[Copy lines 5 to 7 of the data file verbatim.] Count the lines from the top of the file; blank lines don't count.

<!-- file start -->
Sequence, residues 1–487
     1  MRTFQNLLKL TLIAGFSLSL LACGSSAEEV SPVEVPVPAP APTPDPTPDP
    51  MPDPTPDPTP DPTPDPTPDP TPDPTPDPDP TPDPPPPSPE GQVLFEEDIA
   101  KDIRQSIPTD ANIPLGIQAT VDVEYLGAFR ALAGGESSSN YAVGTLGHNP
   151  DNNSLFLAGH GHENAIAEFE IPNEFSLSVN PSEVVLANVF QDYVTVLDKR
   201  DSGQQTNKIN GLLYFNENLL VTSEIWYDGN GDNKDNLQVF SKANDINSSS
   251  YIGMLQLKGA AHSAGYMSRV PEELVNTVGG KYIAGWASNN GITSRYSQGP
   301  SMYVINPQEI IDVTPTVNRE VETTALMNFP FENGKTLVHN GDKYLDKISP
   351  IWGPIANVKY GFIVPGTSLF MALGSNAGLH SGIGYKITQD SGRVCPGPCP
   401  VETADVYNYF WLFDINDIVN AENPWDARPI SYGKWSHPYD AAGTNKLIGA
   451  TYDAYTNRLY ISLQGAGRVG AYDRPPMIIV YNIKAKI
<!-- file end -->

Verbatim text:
   151  DNNSLFLAGH GHENAIAEFE IPNEFSLSVN PSEVVLANVF QDYVTVLDKR
   201  DSGQQTNKIN GLLYFNENLL VTSEIWYDGN GDNKDNLQVF SKANDINSSS
   251  YIGMLQLKGA AHSAGYMSRV PEELVNTVGG KYIAGWASNN GITSRYSQGP